What is it?
It's a chance for fans of the superb Ford Fiesta ST either to wince and shake their heads or sit up straight and take notice, depending on how they like their hot hatches.
We did the latter when Mountune announced it was hiking the ST's power from 180bhp to 212bhp back in 2013, and the results were good. For 2015, Collins Performance has somewhat raised the bar. You see, its ST, in this state, produces 270bhp and 265lb ft.
This actually represents the third and final tier of CP's ST upgrade packages. A new Mongoose exhaust, Airtec intercooler, ITG induction system, CPE turbocharger and revised ECU mapping are your rewards for choosing to laugh in the face of tiers one and two.
The cost for going this big? A full £2965, including fitting and a discount if you let CP keep your old turbo. Our car was also fitted with the firm's Dynamic Chassis upgrade, which swaps the ST's standard front wishbone and rear beam bushes for stiffer ones, and costs a further £440.
This sort of power from a 1.6 petrol is nothing new - see Peugeot's RCZ R - but that's a car that relies heavily on its limited-slip differential. So how does a similarly potent but slippy diff-less Fiesta ST get on?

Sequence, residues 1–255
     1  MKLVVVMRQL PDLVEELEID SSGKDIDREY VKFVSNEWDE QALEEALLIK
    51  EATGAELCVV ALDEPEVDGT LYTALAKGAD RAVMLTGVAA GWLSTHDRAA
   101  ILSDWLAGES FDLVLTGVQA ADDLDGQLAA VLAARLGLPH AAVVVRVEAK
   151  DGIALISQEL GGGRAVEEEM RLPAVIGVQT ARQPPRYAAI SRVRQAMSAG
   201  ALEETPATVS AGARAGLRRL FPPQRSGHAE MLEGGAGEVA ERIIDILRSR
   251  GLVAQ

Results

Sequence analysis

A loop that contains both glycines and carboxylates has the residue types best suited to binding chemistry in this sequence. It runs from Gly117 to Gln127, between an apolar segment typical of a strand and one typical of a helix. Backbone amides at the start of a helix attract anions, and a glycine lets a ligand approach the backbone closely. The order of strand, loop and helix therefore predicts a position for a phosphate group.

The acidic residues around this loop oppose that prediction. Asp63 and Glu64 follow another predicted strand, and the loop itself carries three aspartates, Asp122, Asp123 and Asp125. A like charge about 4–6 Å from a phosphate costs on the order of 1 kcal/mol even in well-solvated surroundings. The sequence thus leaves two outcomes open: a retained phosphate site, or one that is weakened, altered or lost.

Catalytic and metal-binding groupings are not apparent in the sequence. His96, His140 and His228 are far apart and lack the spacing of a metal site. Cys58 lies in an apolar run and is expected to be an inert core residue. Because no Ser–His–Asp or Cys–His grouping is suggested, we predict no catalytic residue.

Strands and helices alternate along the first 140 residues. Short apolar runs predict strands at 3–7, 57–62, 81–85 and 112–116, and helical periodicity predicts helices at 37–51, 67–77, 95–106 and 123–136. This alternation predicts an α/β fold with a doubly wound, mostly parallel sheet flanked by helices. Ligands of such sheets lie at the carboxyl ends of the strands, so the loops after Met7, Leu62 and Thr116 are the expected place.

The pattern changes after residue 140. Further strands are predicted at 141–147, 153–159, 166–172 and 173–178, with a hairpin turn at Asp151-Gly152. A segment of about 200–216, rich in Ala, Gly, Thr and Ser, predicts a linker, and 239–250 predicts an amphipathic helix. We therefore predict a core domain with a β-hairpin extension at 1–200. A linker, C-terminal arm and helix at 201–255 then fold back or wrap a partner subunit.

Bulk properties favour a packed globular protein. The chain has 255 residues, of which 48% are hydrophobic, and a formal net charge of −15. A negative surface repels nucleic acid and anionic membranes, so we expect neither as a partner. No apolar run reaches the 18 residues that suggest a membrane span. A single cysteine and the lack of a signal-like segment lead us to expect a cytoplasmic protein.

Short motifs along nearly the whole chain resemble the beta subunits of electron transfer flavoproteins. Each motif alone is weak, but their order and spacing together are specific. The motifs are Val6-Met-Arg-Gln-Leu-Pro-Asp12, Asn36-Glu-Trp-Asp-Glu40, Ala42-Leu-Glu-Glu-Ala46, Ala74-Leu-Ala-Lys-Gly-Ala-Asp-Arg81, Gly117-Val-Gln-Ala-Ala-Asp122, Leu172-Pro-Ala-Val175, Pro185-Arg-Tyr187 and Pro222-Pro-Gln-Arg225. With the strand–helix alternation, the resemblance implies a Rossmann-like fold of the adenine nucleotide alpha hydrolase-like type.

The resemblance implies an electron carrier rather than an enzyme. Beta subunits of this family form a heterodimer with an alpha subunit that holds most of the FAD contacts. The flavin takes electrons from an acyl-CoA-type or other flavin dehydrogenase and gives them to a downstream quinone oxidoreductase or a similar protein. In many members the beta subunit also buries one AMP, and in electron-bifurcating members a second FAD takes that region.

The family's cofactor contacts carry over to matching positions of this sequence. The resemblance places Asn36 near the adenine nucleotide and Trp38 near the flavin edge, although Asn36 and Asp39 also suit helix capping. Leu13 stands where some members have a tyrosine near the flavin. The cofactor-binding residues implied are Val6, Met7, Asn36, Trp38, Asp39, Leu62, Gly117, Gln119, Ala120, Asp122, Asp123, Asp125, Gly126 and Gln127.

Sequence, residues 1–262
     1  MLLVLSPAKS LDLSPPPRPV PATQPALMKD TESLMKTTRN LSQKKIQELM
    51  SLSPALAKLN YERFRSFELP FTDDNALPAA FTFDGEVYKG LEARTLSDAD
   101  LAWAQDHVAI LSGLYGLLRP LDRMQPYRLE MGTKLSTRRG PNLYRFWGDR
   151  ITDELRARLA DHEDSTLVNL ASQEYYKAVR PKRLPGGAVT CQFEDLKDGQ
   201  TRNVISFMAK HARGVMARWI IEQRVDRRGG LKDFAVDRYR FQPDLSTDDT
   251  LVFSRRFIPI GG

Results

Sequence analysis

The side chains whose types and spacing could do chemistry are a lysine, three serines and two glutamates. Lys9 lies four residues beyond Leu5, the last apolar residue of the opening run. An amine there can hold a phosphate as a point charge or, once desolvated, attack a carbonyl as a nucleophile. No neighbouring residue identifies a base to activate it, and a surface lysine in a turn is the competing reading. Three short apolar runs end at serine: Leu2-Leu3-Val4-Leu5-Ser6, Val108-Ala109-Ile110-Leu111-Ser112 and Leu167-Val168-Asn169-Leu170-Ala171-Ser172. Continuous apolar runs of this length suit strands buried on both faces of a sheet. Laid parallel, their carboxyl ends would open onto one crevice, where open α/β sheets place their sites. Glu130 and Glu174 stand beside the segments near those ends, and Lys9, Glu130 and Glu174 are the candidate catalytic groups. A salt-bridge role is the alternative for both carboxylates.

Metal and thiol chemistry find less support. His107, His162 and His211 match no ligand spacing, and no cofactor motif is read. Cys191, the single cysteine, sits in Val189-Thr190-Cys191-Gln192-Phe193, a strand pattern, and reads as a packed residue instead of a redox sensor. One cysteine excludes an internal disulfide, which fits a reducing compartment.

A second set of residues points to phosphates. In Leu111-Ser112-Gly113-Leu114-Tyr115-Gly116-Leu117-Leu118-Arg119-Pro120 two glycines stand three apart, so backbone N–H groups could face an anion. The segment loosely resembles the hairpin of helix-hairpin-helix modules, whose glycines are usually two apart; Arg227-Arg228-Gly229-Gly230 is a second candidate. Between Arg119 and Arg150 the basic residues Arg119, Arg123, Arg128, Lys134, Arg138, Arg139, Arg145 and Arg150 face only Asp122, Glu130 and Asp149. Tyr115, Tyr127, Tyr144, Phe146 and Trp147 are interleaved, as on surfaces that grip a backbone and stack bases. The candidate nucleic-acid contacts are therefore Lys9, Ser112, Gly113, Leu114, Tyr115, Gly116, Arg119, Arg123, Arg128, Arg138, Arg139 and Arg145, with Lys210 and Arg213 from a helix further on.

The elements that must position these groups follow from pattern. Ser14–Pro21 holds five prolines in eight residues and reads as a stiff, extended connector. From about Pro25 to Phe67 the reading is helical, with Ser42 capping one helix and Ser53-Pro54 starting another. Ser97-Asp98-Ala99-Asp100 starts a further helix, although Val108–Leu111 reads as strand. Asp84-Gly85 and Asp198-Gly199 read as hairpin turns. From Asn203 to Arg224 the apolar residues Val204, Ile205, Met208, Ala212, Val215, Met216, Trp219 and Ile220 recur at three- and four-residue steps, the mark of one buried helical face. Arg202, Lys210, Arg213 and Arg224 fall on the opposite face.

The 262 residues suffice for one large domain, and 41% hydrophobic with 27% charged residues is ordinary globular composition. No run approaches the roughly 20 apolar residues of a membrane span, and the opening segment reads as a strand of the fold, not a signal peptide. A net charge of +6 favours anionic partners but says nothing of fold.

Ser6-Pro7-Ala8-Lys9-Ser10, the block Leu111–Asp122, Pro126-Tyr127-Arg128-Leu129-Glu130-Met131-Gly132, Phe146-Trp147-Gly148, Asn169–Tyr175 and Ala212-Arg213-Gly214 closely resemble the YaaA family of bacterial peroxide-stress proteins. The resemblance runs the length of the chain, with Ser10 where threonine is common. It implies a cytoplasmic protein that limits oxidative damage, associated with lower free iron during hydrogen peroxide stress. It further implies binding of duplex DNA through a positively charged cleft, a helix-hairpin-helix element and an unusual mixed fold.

What's it like?
Noticeably more aggressive from the moment you press the Collins Performance-branded starter button and fire it into life. Our car's burbling single-box exhaust can be swapped for a quieter twin-box item for no extra cost, but if standing out is your thing, we'd keep things as they are here.
Pulling away reveals two things. Firstly, CP hasn't messed with the gearbox, which is a very good thing: it's as slick and positive as ever. Secondly, and less appealing, is the amount of vibration sent through the cabin by the exhaust as the car pulls itself out of low revs.
Around town, it's a matter of persevering with them, but once the road opens you'll likely forget them. Flooring the throttle is followed by a second or two of the new turbo whistling to life before the front wheels and traction control begin some serious negotiation.
However, the visions of a tyre-smoking, torque-steering, leafy accident - in that order - never become reality. In gear, power and torque delivery is progressive enough to ensure that traction eventually wins the day, the steering wheel doesn't squirm uncontrollably in your hands and performance is hold-on-tight impressive.
Some of the figures we experienced tell the story. Our CP Fiesta was 1.4sec quicker from 30-50mph and 1.8sec quicker 50-70mph in fifth gear than the standard ST, and with its traction control switched off (and some careful clutch control) we managed to fire it from 0-60mph in 5.9sec - a second quicker than standard. An entry-level Porsche Boxster is just a tenth quicker.
Of course, just like the standard ST, stamping on the power too early mid-corner causes the front wheels to run wide, only more dramatically so. But this is just as easily remedied by lifting off, listening the turbocharger exhale with a hiss, feeling the back wheels inch out and tucking the front wheels back on course.